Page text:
Photography Tips 1: Grab your manual.Your manual will not teach you photography, but it will teach you to know your camera, and what all the “whistles and bells” are for, where they may be located, and how they function.
Photography Tips 2:Go into the menu of your camera, and find the menu “Reset” . Click this, and all settings, (if you have altered any) will revert to factory default settings.
Photography Tips 3:Now is the time to set up your camera for optimum results, with just seven basic settings. These settings will be used as a base, to take you through several kinds of photographic options, with any deviation from these basics being emphasized in the text.
- ISO setting - Lowest
- Exposure Mode - Aperture Priority (A/Av)
- White Balance - Auto or Set on “Cloudy” For warm images.
- Drive Mode-Set this to “continuous”, then you will always be ready to capture the unexpected moment
- Metering Mode - Set it to “Matrix/ Evaluative/Multi-segment”
- Focus points - Centre only-The reason for this is that on most entry-level cameras, The only focus point that has cross sensors, is the central one-as others will have only either vertical, or horizontal sensors only-and you have to be at 90 degrees to these, to be accurate with your auto-focus.
- Auto-focus Mode - Set auto-focus to single shot, then the shutter will only fire when the subject is in focus (every shot will be sharp)
detach lens, (so you are adjusting focus on focus point, not image) - adjust dioptre (next to viewfinder) so focus points are sharply in focus. (easier against a white, or light background) Re-attach lens. Right! Camera all set up for Optimum capture. Now let’s find subjects to make images of……
Digital Photography Tips : The outdoor Portrait
Portraiture, in photographic terms, is mostly about capturing the inner person, rather than just what they look like. The odd mannerism, or character trait that others may recognise who know the subject. This requires some communication between photographer and subject, to draw out the subject’s personality. There are several things to think about when making a portrait: light; simplicity; posture; lens focal length; composition; focus and metering. I’ll take these in turn to explain what to do.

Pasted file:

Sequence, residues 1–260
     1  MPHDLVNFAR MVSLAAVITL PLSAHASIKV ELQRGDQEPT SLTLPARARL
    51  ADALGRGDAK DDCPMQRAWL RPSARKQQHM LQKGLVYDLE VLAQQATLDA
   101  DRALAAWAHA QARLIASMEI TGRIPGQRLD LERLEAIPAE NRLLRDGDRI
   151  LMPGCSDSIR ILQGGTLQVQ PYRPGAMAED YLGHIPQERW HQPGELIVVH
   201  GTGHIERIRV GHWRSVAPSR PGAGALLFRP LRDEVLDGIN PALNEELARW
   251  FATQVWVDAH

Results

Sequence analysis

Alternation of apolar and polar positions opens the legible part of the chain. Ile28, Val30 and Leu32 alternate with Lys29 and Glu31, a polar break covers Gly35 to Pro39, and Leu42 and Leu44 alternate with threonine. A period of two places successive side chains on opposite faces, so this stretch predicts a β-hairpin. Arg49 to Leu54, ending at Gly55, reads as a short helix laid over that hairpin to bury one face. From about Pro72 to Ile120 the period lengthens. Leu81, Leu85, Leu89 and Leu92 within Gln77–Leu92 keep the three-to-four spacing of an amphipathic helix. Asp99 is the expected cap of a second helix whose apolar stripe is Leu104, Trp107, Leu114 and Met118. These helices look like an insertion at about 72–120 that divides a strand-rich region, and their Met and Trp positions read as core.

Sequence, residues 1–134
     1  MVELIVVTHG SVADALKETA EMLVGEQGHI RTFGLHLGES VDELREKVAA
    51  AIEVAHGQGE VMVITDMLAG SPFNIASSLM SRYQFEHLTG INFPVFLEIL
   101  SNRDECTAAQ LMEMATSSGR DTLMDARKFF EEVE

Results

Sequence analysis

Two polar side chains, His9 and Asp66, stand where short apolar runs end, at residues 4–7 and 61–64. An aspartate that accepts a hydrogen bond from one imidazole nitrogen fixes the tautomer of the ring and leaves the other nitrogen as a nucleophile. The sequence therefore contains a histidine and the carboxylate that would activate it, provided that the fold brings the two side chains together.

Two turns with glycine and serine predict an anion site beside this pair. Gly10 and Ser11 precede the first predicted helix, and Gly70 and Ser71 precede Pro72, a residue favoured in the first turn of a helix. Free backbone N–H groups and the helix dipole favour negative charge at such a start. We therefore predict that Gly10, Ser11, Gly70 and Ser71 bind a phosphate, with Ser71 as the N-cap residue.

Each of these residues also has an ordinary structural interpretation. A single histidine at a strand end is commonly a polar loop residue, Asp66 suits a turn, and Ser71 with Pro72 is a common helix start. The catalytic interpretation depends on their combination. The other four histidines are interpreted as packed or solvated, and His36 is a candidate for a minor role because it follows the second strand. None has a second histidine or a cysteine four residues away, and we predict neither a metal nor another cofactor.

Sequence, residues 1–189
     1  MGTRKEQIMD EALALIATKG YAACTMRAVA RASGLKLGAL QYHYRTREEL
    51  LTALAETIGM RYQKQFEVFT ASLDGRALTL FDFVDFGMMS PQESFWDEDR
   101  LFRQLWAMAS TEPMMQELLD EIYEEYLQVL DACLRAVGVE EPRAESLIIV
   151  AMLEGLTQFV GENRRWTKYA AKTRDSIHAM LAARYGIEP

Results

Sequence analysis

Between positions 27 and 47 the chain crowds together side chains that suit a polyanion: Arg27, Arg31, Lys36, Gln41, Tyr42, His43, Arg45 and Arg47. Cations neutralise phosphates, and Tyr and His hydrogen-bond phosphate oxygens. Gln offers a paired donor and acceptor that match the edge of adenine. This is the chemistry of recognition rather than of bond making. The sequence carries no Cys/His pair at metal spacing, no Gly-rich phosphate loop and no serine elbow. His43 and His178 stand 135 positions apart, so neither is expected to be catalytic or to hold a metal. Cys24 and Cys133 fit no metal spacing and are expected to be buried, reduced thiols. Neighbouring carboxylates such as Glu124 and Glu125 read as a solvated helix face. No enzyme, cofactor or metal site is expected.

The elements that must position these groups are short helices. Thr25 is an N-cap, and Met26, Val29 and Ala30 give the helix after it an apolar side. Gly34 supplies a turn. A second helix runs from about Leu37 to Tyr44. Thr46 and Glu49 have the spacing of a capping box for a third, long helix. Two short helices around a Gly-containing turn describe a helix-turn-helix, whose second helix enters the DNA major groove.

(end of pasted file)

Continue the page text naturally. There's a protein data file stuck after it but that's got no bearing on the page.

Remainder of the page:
Outdoor Portrait Setting for beginners:
Concerning portraits, It is better to use a non-directional (Diffused) light source, due to the gradual gradation of its shadow, which doesn’t mar the portrait. If you’re shooting outdoors, for the best modelling you will want the light to strike the model’s face from the side, at 45 degrees vertical and horizontal. First get out of the direct sunlight, either in the shade of a building, or under the shelter of a tree. This will result in your model being lit by a diffused, non-directional light source, skylight or reflected light from surroundings. If you position your model looking towards this light source , the face should be lit with soft, delicate light. All you need to do is to move your subject, or your camera, to get light crossing the face.. What you want to achieve here is to have one side of the face brighter than the other by two stops exposure, giving a 3-dimensional rendering to the portrait. In case there is no tree, or building, you may need to resort to scrims, reflectors or blacks to modify the light to suit. Scrims are sheets of translucent material that are held between the sun and the subject to diffuse direct light. Reflectors are panels of card or material that reflects light, providing a soft quality of light. Usually white, silver or gold in colour, light bounces off the surface and into the shadow areas of the face. Blacks are the opposite of reflectors and they absorb light, instead of reflecting it. Or you can use your pop-up flash as fill in, and as a bonus this will produce nice catch lights in the subject’s eyes